Sometimes you want some fields of a record to be filled out, but only if some condition is met. For example, if a user registers as a company, you'll want his company name.
In MySQL you can do this using a trigger, which works just fine but in PostgreSQL you can do it in a much more compact way, using CHECK constraints.
In this example, all records added to foo must meet the requirement that is_admin must be false if the firstname or lastname are left empty. If is_admin is true then the firstname and lastname may not be null.
DROP TABLE IF EXISTS foo;
CREATE TABLE foo (id INTEGER, firstname VARCHAR(100), lastname VARCHAR(100), is_admin BOOLEAN NOT NULL DEFAULT 'f');
ALTER TABLE foo ADD CONSTRAINT adminfields CHECK (is_admin = 'f' OR (is_admin='t' and firstname IS NOT NULL AND lastname IS NOT NULL));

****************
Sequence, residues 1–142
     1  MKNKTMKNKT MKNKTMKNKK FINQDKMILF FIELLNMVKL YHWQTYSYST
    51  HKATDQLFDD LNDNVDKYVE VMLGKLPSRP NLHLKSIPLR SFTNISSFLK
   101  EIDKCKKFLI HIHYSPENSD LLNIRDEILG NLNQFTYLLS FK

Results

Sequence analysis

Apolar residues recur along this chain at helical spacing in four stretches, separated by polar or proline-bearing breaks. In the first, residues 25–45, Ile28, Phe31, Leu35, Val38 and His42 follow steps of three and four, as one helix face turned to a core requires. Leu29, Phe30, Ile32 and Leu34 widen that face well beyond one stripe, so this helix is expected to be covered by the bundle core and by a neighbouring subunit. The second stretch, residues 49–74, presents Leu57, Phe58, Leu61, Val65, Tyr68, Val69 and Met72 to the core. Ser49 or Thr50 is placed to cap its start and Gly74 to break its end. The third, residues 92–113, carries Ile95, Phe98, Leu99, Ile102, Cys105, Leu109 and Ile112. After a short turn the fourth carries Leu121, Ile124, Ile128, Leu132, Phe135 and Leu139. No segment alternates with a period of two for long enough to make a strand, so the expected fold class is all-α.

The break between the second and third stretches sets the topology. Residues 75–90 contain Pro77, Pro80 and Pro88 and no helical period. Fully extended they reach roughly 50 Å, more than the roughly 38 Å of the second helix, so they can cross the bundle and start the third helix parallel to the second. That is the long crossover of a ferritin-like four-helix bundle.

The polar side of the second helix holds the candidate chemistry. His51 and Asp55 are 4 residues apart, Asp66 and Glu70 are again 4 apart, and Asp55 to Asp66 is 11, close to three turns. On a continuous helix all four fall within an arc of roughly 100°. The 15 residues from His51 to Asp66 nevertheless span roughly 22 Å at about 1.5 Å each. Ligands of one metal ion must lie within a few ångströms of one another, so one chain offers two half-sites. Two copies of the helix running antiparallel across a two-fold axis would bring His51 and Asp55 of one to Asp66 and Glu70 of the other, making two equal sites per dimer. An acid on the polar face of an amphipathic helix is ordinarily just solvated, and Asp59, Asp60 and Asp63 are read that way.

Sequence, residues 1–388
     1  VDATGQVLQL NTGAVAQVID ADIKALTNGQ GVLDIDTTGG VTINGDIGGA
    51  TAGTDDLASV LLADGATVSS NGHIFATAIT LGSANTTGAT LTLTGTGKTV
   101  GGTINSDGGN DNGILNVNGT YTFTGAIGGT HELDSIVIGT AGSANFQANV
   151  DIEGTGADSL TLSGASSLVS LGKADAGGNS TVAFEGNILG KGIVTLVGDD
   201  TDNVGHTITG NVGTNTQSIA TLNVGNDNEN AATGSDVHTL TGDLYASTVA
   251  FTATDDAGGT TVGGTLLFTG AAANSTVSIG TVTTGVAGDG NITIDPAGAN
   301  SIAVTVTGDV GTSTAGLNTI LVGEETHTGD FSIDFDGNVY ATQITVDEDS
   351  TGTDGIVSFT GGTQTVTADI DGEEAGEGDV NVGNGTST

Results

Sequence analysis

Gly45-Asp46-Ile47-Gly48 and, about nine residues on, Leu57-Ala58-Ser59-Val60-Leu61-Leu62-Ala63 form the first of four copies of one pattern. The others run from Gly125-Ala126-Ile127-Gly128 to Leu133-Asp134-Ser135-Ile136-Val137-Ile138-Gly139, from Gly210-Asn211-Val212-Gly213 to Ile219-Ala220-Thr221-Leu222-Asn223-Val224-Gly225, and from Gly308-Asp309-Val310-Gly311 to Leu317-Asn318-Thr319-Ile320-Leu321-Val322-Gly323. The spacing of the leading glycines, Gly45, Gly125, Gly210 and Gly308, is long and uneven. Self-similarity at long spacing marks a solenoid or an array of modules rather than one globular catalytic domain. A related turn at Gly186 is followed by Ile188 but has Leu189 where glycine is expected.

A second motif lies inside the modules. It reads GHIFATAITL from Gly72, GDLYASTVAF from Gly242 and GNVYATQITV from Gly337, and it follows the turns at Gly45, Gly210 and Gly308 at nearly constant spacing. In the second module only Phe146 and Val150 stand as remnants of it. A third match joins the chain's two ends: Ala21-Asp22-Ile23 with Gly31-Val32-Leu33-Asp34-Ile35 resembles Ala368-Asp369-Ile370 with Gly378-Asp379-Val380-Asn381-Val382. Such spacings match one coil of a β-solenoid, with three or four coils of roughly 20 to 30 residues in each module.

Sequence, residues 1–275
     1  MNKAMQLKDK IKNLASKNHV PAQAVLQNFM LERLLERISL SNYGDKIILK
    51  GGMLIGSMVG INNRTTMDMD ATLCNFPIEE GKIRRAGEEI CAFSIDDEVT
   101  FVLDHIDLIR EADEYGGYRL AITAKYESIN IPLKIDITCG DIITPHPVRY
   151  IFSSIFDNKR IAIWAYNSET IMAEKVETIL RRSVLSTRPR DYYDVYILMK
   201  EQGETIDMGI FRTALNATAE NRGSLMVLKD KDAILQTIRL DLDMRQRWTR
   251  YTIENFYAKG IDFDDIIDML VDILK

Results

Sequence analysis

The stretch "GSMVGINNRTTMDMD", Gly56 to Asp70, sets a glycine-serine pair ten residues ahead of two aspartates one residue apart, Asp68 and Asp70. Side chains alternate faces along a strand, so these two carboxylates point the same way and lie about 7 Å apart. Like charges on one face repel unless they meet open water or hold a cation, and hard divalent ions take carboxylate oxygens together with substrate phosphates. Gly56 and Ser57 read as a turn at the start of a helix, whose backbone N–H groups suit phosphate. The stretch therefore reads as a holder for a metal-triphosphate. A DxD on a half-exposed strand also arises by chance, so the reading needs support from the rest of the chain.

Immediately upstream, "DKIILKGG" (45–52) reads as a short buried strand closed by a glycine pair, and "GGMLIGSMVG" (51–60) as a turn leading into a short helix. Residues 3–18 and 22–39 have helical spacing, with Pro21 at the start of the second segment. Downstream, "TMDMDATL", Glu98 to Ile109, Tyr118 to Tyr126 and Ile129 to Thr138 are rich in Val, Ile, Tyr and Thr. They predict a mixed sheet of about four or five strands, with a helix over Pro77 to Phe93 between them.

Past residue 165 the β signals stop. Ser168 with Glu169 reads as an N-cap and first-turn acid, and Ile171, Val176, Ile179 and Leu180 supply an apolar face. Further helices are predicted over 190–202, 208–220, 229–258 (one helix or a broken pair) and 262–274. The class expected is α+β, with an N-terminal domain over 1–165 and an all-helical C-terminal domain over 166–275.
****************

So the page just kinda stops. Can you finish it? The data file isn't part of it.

These inserts meet the requirements:
INSERT INTO foo (id) VALUES (1);
INSERT INTO foo (id, firstname, lastname, is_admin) VALUES (1,'kees','pekinees','t');
And this one will fail:
INSERT INTO foo (id, is_admin) VALUES (2, 't');
You can expand on this by making sure the name is not just NOT NULL, but actually contains sane data, using a regexp.
The major advantage of CHECK over triggers is that the CHECK shows up in the CREATE statement of the table, giving you single overview of the table's behaviour.
Again; there is nothing really wrong with triggers, this is just more convenient.